Contractors that must comply with the government’s domestic preference laws should take note of United States ex rel. Folliard v. Comstor Corp., __ F. Supp. 3d __, 2018 WL 1567620 (D.D.C. 2018) — a recent decision dismissing a country-of-origin fraud lawsuit initiated by serial relator Brady Folliard.

Continue Reading Alleged TAA Non-Compliance Is Not “Material” Under The False Claims Act, Federal Court Holds

[This article was originally published in Law360 and has been modified for the blog.]

This was not an April Fools’ Day joke: The New York Buy American Act (“NY BAA”) went into effect on April 1, 2018. Signed by Governor Andrew M. Cuomo in December 2017 and championed by state legislators on both sides of the aisle, the NY BAA amends the existing domestic content restrictions in Section 146 of the N.Y. State Finance Law and Section 2603-a of the N.Y. Public Authorities Law by adding another layer of “Buy American” requirements focused on structural iron and structural steel products used in certain construction projects.

Although Governor Cuomo has noted that this new law is intended “to support hardworking men and women, revitalize infrastructure across the state, bolster the strength of our manufacturing industries and cement our status as a global economic leader” – a sentiment in step with President Trump’s stated “Buy American” policy – the economic impact of this legislation remains to be seen. As will be discussed, this set of requirements is focused on only two categories of items (structural iron and structural steel) used on a specific set of construction projects (roads and bridges) that will be awarded by certain New York agencies or authorities during a two-year window.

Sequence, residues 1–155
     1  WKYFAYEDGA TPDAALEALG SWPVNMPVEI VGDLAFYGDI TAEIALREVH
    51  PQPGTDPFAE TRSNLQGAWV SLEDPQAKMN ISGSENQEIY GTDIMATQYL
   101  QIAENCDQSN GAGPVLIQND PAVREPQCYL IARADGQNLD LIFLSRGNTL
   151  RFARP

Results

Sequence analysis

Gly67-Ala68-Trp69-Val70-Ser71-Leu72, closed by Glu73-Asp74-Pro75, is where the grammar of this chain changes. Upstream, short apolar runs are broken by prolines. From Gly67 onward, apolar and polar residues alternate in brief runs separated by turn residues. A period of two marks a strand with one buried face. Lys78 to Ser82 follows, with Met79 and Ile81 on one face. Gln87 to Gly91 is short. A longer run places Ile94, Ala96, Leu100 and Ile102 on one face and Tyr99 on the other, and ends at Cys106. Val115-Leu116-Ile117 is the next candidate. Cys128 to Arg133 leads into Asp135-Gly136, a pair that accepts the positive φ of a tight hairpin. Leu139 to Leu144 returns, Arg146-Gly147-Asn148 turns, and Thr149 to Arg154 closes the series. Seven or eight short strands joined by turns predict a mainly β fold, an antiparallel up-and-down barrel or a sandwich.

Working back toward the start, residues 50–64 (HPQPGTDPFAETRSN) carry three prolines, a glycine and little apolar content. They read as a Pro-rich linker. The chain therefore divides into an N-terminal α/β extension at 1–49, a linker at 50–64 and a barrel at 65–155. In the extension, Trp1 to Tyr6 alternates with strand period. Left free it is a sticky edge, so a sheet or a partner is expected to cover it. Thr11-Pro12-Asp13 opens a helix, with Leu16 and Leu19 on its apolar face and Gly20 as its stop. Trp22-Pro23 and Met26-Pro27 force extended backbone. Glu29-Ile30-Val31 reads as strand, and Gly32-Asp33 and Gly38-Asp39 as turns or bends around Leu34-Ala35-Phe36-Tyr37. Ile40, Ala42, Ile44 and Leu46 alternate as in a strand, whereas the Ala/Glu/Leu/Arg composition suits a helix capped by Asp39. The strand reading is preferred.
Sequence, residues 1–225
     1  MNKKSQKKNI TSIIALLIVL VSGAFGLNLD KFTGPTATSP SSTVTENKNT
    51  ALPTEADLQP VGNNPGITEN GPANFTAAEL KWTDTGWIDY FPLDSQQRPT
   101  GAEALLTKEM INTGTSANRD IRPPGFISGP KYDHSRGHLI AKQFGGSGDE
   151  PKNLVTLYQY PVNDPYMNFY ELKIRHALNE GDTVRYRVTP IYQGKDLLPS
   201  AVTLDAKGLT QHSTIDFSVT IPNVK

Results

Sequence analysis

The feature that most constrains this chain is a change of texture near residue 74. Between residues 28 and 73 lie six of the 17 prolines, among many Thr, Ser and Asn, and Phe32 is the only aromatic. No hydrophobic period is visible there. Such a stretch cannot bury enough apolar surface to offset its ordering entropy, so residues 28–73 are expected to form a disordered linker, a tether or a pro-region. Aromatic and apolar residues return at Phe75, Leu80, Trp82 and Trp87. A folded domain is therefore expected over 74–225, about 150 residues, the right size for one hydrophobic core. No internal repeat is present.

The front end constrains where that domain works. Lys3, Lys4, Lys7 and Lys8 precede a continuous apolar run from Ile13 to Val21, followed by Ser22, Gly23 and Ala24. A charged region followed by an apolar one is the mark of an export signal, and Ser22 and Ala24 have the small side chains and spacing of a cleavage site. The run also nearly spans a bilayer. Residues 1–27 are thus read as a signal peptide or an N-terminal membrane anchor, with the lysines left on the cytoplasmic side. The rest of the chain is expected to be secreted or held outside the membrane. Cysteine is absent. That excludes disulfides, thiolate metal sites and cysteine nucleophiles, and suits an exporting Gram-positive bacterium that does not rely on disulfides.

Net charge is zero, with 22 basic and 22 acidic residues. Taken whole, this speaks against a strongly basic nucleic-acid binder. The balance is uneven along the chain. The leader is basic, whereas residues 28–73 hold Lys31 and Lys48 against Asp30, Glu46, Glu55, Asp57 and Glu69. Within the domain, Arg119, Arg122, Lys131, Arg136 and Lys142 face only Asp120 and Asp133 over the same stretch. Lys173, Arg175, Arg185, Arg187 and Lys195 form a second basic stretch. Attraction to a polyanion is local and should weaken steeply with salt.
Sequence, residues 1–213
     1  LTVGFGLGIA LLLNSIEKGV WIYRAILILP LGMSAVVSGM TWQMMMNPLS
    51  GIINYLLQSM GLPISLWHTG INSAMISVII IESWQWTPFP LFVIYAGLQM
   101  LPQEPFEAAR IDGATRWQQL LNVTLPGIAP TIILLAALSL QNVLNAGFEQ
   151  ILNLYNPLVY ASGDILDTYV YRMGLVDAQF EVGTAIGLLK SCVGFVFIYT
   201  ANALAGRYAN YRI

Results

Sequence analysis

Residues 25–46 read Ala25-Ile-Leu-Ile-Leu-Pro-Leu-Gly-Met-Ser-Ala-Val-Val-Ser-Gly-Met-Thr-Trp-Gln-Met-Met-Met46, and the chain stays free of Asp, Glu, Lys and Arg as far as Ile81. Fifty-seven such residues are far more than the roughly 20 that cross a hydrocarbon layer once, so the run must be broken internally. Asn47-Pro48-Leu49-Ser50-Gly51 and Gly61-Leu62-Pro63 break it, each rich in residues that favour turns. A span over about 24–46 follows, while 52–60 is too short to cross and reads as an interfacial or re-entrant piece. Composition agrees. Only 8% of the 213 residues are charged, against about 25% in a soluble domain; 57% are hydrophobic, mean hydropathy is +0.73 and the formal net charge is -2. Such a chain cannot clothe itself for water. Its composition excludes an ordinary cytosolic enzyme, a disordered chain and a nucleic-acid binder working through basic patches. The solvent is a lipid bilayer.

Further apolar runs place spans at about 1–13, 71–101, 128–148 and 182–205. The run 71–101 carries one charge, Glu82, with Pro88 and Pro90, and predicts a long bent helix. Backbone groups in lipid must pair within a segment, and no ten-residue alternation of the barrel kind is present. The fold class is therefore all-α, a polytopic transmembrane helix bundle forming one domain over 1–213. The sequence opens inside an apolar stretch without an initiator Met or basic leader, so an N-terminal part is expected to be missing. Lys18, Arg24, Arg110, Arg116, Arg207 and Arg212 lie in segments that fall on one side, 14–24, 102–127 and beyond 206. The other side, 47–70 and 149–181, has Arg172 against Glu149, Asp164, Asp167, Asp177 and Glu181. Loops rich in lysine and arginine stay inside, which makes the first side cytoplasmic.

Notwithstanding, the NY BAA is a noteworthy development because it further reinforces the general rallying cry behind “Buy American.” Most importantly, this new law serves as a reminder to contractors that an already cumbersome regime of federal and state domestic preferences will continue to remain complex.